‘I am Groot’ REVIEW: Cuteness Overload
There is something incredibly charming and endearing about Marvel Studios’ most recent release on Disney+, as it brings a fan-favorite Marvel hero to audiences in a way that they’ve never seen before, and it is incredibly adorable; this is our I Am Groot Review.
Throughout the vast history of the Marvel Cinematic Universe, there have been films and streaming series that have constituted some of the most intense action sequences that film history has ever seen, perfectly embodying the brilliance of the source material.
A film franchise that has fully embraced the concept of superheroes, and the age-old battle between good and evil, corruption and innocence, and right or wrong, in a way that has been to this generation what great myths of conquest were to past ones.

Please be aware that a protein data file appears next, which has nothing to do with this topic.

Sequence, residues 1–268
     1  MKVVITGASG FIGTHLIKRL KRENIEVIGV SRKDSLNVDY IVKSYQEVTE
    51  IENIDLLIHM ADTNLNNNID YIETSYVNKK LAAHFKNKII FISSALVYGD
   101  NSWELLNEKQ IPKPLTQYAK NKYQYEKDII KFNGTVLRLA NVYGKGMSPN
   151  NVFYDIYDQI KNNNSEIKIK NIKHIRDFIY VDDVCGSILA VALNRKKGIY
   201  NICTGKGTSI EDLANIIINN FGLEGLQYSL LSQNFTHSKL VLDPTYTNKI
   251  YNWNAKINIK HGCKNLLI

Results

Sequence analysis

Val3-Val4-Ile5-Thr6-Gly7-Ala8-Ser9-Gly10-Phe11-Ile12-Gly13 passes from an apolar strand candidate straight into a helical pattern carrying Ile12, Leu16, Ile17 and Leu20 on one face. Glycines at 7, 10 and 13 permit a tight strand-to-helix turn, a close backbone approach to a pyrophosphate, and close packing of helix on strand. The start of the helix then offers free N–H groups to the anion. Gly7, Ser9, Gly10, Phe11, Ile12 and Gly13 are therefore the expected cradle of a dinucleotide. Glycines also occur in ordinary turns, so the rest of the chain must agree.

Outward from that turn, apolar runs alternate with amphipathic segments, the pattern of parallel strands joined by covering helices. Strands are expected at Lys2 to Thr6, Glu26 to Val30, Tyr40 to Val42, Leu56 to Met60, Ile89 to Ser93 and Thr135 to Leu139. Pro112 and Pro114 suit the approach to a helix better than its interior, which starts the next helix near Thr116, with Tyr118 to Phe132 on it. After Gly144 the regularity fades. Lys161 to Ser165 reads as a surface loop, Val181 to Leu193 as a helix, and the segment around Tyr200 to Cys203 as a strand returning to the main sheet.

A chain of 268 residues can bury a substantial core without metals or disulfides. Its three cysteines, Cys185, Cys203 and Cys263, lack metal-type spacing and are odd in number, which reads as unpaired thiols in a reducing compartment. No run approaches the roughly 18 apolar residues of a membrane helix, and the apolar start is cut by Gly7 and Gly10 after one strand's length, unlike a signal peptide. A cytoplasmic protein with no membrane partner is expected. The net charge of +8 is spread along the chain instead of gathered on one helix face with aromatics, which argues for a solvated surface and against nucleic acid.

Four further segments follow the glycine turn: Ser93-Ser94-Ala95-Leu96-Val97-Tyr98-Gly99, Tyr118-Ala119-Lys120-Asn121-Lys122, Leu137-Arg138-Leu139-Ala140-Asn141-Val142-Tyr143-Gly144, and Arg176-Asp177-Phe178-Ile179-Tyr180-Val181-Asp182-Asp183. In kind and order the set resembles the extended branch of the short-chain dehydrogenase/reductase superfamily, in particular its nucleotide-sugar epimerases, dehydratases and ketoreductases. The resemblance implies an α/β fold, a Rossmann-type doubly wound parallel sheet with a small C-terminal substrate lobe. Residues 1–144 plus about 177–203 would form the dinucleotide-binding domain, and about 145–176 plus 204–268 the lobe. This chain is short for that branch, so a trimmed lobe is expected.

But in recent years, the MCU has become something so much bigger than just herculean tales of battles won and lost, it has been the development of an entire world that functions as a mirror to our own; one that presents the human experience, in the most extraordinary circumstances.
That is where I Am Groot becomes such a beautiful, charming, and endearing story of that Marvel evolution, and how the stories of the MCU have achieved the capability of being anything we want them to be; even a young, childlike alien discovering the fantastically unknown of the cosmos.
The series is brilliant because it truly does embrace the mind and mannerisms of a young child, and takes the iconic, fan-favorite, Guardian of the Galaxy and puts him in situations where he has to learn, experience, and experiment with the universe around him.
If you have ever had children, or a niece or nephew, then I Am Groot feels so incredibly real to you; as the creative team behind this series captured so perfectly the good, bad, cute, and frustrating of a young toddler at odds with his own safety, and enamored with the world around them.
This is Marvel’s cutest series yet, and it is further proof that the Marvel Cinematic Universe is just coming into its own, not as a journey for heroism, but as a microcosm of the world that we inhabit, and the one we one day hope to.